Top-Level Domain Explained

by Andrew Shih
top-level domain name

Last Updated on December 20, 2022 by Andrew Shih

If you are doing research on the domain name, you will likely run into “TLD”.

What is Top-Level Domain?

A top-level domain (TLD) is the part of the domain name located at the end of the dot (” . “). For example, the TLD for is ‘.com’.

A more technical explanation of TLD according to Wikipedia:

“A top-level domain (TLD) is one of the domains at the highest level in the hierarchical Domain Name System of the Internet. The top-level domain names are installed in the root zone of the namespace.”

During your domain name research, you will likely come across similar terminologies such as generic top-level domains (gTLD), restricted generic top-level domains (grTLD), country code top-level domains (ccTLD), and other variations.  

Internet Assigned Numbers Authority (IANA) maintains the official list of all the TLD and oversees the approval process.

Generic top-level domains (gTLD) and restricted generic top-level domains (grTLD)

There are seven generic top-level domains (.com, .org, .net, .int, .edu, .gov, .mil) that were created early in the development of the Internet, and pre-date the creation of ICANN in 1998.

‘.com’ is an open TLD which stands for commercial/company so any person or entity is permitted to register. It is originally intended for use by commercial business entities, however for a number of reasons it became the most common TLD used by all types of entities including nonprofits, schools, and private individuals.

‘.org’ is an open TLD which stands for an organization so any person or entity is permitted to register. It was originally intended for use by non-profit organizations, and it is still the primary TLD for non-profit organizations.

‘.net’ is an open TLD which stands for a network so any person or entity is permitted to register. It is originally intended to use as parent web sites to access smaller sites.  In many cases, a company simply registers .com TLD and has several smaller sites under subdomains.

.int, .edu, .gov, .mil are restricted TLD restricted to international organization, educational institution, US government agency, and US military.

Country-code TLDs (ccTLDs)

Country-code TLDs (ccTLDs) represent specific geographic locations.

For example: .tv represents Tuvalu (not Television!!), .fr represents France, and .eu represents the European Union. Each geographical location can have different usage requirement and some may have residency restrictions.  The rule of thumb is that if you are looking into getting a ccTLD, the person who registers the domain name should reside in the country and conduct business primarily within the country.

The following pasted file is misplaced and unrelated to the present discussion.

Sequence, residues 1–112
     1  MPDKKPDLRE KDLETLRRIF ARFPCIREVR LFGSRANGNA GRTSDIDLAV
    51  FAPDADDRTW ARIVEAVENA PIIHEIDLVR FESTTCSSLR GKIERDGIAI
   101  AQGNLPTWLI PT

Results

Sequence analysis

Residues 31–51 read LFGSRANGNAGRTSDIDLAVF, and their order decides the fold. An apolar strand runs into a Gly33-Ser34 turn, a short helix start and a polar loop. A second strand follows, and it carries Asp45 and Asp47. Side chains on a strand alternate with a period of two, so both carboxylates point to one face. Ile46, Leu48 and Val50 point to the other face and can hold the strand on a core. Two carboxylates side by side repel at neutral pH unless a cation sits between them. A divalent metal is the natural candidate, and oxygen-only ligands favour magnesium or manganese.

New TLDs

Over the recent years, new industry specific TLDs appears to have gaining popularity.  For example, there are .accountant, agency, .care, .coach, and .consulting, .education, .fish, .fitness, .fashion, .finance, .realtor, .tech and the list goes on.  Some companies even created their own TLD such as Barclays with ‘.barclays’ TLD.

New TLD(s) are constantly emerging and you should refer to the official  Internet Assigned Numbers Authority (IANA) site if you are eager to research into TLD.  Wikipedia also offers a very useful summarized listing.

Overall, if you are looking to obtain a domain name for business or establish web presence within the US, you should try to find a domain name in ‘.com’ first and there are tools and tips to help you find a good ‘.com’ domain name.  

If ‘.com’ doesn’t work for you, the emerging industry-specific domain name seems like a viable option so there is no need to feel restricted to ‘.com’.  

If you reside in another country and conduct business within the country, you should certainly look into ccTLD.  No matter what TLD or domain name you use, the key is to convey credibility and help you connect with your target audience.

What’s Next

If you are ready to take the plunge and get a domain name, check out the 6 creative domain name ideas for blogs.

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